Banking StandardsWritten evidence from C. S. Harries


My submission is a result of the direct experiences I have had with both Barclays Private Bank and Barclays PLC.


The world’s financial system teeters on the edge of a complete collapse due to a ‘vortex of unvarnished greed’. The rigging of Libor is an exemplar of this statement since it is both criminal and a conspiracy to defraud. It can be prosecuted under current laws and, in view of its systemic affects which have led to the biggest financial scandal the world has known, should be .( See my letter 14.1.13 to Mr Tyrie). Requesting information from Barclays Wealth in relation to the libor effects on our disastrous equity portfolio I was advised in writing by the bank as follows:

1. ‘The investigation uncovered very serious and completely unacceptable conduct by a relatively small number of people within Barclays’ .Untrue as evidenced by the list of names supplied to Guardian Care Homes

2. .. ‘it is important to note that Barclays current account, savings and credit card products were not linked to the Libor rate..’ This cannot be true.

Money Laundering HSBC

3. In 2003 the Sunday Times ran a two page article in respect of $54 million of Colombian drug money passing through Barclays Private Bank. This behaviour took place while during the period we were clients and was the subject of a Freedom of Information request I made to the FSA and subsequently the Information Commissioner. The decision by the Information Commissioner that I should receive the information was appealed by the FSA to the Information Tribunal who upheld their appeal—see Information Commissioner reference FS05147636 and Information Tribunal Appeal Reference EA/2008/0061. The FSA were represented by a senior QC and seven members of staff were present.

4. In view of the appalling revelations relating to HSBC’s money laundering (see my letter 21.12.13 to Mr Tyrie) I made a renewed request for this information recently and was advised that ‘overall, taking into account the above factors, we would consider that the need to protect the commercial interests of regulated firms, and Barclays Private Bank in particular, (my italics) outweighs the public interest in increasing the transparency of our processes’. This view is for obvious reasons unconscionable (not least because my sister in law died at 27 form a heroin overdose and my stepson from a drug related illness) and had the proper action be taken at the time and senior managers arrested and prosecuted as was the initial intention of the NCS then it is beyond doubt that HSBC bankers would have desisted in their criminal behaviour. It is clear that the only break on identified misfeasance would be prosecution leading to jail sentences if proven guilty. This is the only sanction that will focus minds of those inclined to perpetrate what they must know is criminal behaviour, deliver justice to those who have suffered and act as some sort of catharsis to those whose lives have been ruined.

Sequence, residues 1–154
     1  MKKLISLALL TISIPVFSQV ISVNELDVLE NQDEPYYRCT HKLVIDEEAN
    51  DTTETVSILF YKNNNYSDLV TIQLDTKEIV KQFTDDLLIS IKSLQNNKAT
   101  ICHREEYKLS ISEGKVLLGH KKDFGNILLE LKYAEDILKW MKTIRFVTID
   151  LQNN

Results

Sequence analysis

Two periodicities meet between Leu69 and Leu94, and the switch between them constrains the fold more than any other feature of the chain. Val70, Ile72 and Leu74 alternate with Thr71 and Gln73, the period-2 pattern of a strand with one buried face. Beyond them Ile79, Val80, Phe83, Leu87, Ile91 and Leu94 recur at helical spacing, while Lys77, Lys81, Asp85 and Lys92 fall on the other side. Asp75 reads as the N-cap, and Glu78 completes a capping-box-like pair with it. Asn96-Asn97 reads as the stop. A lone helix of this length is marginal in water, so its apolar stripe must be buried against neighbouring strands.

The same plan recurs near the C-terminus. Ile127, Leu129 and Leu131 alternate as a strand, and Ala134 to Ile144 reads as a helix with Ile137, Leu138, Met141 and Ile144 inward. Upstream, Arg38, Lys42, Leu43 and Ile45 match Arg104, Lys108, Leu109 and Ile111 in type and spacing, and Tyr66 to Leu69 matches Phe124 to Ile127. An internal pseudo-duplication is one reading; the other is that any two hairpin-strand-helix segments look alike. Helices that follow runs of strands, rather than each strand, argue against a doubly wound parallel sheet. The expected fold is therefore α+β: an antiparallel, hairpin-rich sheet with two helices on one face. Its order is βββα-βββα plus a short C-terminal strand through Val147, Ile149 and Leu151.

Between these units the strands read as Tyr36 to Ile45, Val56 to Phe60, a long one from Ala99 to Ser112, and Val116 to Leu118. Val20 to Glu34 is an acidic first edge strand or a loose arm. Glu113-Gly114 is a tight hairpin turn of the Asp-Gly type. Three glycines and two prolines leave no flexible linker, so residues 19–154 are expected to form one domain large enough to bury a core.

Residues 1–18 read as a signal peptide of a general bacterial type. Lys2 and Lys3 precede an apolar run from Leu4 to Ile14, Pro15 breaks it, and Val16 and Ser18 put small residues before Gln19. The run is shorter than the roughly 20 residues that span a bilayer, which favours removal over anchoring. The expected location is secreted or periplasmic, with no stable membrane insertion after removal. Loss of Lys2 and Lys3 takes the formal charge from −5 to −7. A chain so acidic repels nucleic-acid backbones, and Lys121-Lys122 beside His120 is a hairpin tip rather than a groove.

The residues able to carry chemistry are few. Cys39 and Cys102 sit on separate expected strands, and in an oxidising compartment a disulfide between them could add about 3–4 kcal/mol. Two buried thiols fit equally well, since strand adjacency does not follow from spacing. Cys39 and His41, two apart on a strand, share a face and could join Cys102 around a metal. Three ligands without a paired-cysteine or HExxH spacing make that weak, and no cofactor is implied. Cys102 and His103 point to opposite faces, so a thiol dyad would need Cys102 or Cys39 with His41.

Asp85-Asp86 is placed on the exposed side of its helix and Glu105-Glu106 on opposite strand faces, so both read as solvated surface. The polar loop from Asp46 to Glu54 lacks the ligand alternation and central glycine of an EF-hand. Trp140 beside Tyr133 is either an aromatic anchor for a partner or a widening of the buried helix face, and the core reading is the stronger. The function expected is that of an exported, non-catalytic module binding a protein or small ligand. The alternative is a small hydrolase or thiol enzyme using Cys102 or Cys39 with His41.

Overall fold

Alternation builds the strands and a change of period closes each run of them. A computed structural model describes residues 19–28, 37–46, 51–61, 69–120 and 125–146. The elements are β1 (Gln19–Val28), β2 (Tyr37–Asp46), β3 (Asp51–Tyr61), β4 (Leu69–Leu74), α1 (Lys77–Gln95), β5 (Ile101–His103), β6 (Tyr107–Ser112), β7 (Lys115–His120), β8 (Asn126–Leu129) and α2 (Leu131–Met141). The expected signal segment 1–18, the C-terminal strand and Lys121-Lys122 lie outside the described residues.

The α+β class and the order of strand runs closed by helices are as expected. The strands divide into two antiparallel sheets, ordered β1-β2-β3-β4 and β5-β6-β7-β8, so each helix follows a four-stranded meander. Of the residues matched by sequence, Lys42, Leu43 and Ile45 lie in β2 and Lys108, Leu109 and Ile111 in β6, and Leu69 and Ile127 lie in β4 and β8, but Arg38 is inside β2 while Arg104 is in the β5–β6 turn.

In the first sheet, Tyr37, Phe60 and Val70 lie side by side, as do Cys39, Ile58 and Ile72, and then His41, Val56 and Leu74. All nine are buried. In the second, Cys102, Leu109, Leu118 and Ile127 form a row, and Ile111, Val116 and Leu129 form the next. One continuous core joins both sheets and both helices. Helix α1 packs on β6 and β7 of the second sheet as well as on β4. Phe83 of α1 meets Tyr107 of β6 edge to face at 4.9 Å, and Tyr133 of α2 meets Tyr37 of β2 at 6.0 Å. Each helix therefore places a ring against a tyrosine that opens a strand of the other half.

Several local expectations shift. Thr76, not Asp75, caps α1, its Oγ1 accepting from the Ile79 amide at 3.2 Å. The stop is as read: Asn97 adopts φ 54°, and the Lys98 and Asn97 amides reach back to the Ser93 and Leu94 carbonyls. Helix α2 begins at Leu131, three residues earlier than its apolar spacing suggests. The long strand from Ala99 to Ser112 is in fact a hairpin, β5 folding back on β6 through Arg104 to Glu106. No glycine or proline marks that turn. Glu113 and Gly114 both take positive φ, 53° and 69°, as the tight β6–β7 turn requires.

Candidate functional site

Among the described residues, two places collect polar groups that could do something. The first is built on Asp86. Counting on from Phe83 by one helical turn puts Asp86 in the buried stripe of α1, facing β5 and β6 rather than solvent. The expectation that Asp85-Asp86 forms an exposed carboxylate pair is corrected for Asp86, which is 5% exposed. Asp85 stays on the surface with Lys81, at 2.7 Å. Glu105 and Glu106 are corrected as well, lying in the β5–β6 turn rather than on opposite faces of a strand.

5. On the 12.11.2007 I queried via the Director of Savings the bank’s exposure to sub-prime losses. In a letter to me dated 16.11.2007 Ms Duggan writing from the Executive Office said inter alia ‘Firstly, the HBOS Group is one of the strongest financial institutions in the world. It has an exceptionally strong balance sheet and very significant capital recourses, and with overall deposits of £225 billion is the largest savings institution in the UK. Additionally, the Group is the largest player in new investment products in the UK. Our Tier 1 Ratio—the main capital measure in banking—is at 8% one of the strongest in both the UK and continental Europe. In addition HBOS has very strong credit ratings. Bank of Scotland plc, the Group’s UK banking entity has credit rating of Aa1 from Moodys, Aa from Standard and Poor’s and AA+ from Fitch’. One year later it was bankrupt so were these statements true at the date they were written or was I misled?


It would be desirable if those who were actually in the positions of authority at the time of these events were summoned before the commission. Refusal to do so would allow conclusions to be drawn.

It appears that existing, relevant laws and regulations have not been applied and thus there has been no deterrent to the activities detailed above. The system is now as a result so systemically corrupt that it is questionable whether it is possible to remedy that which has evolved over very many years. I have watched with disbelief much of the testimony before the Commission and the parade of unimpressive, delusional participants who then compound the horror of their involvement by failing to accept responsibility for the clearly identified misfeasance that took place during their tenure They should be prosecuted for breach of fiduciary duty and the obscene remuneration (which in many cases does not appear to require full time involvement) they extract from shareholders, who nominally own the organisation, be returned to those who own the company. Letters I have sent to the Chairman of the Commission over the last few months amplify these statements in greater depth.

I have been extremely impressed by the Commission’s forensic questioning of those testifying and would hope that the foregoing will be considered relevant and if so considered with the letters I have sent over the past few months to the Chairman.

9 February 2013

Prepared 19th June 2013